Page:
I also read a few books, and I know how the c language works, it's syntax, keywords, basic functions, pointers,etc.
    I want to learn how to make a full screen , user customizable GUI, how can my program communicate with midi devices, and how can i write anything related to audio signals, as much OS independent as it can be.

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    Quote Originally Posted by nemuikuma View Post
    [...]as much OS independent as it can be.
    Here There Be Monsters!

    For a beginner, I think it would be best to start developing for the platform they use daily, and branch out once they are experienced enough to handle the can of worms that is cross-platform development.

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    Quote Originally Posted by nemuikuma View Post
    Thanks for the replays
    That is my problem with the books, small code, usually without example of"real life" example usage.
    I don't have anything against books( besides their price ) and I don't say that this way i can't learn it, but it takes much more time for me.
    I also read a few books, and I know how the c language works, it's syntax, keywords, basic functions, pointers,etc.
    I want to learn how to make a full screen , user customizable GUI, how can my program communicate with midi devices, and how can i write anything related to audio signals, as much OS independent as it can be.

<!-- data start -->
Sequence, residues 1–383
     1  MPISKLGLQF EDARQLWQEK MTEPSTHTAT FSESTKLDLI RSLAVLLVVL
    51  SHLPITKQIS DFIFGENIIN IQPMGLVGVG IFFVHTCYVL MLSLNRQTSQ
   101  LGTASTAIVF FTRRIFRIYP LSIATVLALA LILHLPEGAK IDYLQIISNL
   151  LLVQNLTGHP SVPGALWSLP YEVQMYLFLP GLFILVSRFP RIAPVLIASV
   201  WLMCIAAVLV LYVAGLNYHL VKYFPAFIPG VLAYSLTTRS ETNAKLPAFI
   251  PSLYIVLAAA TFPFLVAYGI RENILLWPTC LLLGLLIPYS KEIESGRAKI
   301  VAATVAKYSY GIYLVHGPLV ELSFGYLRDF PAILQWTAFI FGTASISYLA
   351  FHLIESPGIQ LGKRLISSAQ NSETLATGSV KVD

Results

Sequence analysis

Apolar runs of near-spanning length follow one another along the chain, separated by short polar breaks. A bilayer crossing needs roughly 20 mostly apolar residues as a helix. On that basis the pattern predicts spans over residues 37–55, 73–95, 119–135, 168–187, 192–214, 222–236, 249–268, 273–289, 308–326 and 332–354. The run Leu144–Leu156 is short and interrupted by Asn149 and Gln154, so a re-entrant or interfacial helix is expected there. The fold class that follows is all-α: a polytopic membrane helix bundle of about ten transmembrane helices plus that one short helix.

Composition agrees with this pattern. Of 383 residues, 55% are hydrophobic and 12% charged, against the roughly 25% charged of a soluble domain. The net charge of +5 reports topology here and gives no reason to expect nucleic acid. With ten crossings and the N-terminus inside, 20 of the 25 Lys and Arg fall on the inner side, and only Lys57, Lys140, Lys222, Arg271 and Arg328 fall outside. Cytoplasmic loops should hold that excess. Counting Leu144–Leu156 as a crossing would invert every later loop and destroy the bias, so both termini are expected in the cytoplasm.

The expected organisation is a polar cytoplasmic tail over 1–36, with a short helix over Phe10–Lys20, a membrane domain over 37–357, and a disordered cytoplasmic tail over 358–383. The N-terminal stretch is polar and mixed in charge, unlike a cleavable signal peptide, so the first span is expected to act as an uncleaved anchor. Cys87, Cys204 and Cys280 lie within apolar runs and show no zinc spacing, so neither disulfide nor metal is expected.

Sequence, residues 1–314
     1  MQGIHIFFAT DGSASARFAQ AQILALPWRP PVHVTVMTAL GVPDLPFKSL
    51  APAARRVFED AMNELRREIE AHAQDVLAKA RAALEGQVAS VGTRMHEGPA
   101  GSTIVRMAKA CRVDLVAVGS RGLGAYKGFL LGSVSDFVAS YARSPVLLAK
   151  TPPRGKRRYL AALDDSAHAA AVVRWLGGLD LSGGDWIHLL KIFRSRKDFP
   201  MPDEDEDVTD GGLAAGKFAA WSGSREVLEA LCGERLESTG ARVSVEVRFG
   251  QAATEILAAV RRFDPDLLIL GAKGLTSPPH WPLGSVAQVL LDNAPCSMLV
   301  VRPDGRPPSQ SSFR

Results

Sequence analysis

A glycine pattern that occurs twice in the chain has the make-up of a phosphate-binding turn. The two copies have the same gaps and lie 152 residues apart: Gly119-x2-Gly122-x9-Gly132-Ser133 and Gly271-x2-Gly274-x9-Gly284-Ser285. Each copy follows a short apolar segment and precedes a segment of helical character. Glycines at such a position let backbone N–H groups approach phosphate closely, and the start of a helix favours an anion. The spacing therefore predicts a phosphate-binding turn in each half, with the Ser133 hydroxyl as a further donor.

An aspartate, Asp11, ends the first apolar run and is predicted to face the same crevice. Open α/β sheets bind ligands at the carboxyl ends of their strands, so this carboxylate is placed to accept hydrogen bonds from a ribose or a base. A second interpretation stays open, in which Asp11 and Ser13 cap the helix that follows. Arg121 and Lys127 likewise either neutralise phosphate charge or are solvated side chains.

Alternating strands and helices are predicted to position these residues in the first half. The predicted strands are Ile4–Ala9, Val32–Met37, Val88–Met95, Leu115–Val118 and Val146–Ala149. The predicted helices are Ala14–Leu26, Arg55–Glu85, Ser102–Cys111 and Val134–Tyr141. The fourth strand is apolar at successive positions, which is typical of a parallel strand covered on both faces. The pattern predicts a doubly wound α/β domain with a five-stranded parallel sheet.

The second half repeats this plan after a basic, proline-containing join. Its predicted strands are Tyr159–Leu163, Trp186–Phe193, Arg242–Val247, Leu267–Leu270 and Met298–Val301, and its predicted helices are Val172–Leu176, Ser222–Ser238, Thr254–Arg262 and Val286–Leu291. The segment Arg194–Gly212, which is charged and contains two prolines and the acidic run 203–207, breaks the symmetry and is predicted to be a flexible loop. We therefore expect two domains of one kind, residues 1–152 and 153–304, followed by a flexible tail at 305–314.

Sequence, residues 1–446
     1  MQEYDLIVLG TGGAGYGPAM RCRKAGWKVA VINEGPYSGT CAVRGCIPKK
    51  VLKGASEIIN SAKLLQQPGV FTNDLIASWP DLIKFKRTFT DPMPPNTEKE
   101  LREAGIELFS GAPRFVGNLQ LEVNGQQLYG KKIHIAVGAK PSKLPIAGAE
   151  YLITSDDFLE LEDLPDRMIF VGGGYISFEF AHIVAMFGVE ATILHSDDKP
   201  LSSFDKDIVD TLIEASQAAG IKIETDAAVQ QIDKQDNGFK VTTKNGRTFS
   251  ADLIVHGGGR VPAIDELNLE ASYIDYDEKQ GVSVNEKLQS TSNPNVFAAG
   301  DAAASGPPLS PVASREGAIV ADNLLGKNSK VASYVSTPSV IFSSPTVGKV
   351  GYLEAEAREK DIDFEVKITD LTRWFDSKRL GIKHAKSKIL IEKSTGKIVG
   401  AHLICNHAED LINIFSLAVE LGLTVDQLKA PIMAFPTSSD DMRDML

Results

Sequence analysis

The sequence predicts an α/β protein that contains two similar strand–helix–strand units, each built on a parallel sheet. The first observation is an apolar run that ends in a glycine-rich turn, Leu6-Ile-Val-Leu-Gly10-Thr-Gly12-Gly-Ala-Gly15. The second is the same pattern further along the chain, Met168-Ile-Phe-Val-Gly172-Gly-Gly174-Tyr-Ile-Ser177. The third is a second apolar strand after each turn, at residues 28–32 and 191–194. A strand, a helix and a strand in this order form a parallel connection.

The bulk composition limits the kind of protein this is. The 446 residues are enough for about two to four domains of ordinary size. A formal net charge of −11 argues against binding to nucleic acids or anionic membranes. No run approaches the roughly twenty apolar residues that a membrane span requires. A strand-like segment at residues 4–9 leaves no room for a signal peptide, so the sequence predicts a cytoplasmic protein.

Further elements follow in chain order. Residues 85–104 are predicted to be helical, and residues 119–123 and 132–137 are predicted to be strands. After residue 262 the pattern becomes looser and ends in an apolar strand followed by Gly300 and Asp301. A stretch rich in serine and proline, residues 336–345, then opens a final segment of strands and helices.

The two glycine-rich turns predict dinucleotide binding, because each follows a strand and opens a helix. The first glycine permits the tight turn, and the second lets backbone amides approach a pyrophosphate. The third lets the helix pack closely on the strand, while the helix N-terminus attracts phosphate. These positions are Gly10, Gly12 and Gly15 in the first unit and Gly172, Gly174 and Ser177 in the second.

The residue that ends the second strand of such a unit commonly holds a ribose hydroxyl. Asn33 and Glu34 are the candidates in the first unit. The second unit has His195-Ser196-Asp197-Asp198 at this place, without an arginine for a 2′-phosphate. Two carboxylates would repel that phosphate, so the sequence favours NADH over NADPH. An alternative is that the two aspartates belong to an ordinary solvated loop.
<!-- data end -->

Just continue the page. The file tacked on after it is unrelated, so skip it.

Think big... start small

    Those snippets in the book aren't trying to teach you how to make GUIs and handle Midi messages (an entire can of worms in itself)... they're showing you the basic steps used in all programs... variables, assignment, conditional, loop, selection, procedures, etc. Any program you write is going to be nothing but a sequence of those small steps strung together to achieve a desired behavior.

    Don't be impatient... do the small steps first. Write that cheque book balancer and the termperature converter. These are where you learn program structure, troubleshooting and debugging skills that will serve you very well later on. Over time your code will naturally become larger and more complex as you take on bigger challenges, but those basic skills will still be the backbone of everything you do.

    Programming is not a skill you master in a week... One of the tutorials I used while learning was titled "C in 21 days"... and indeed one lesson a day and 21 days later I was writing C language programs... It should have been titled "C in 21 months" because even years later I am still learning better ways to do things...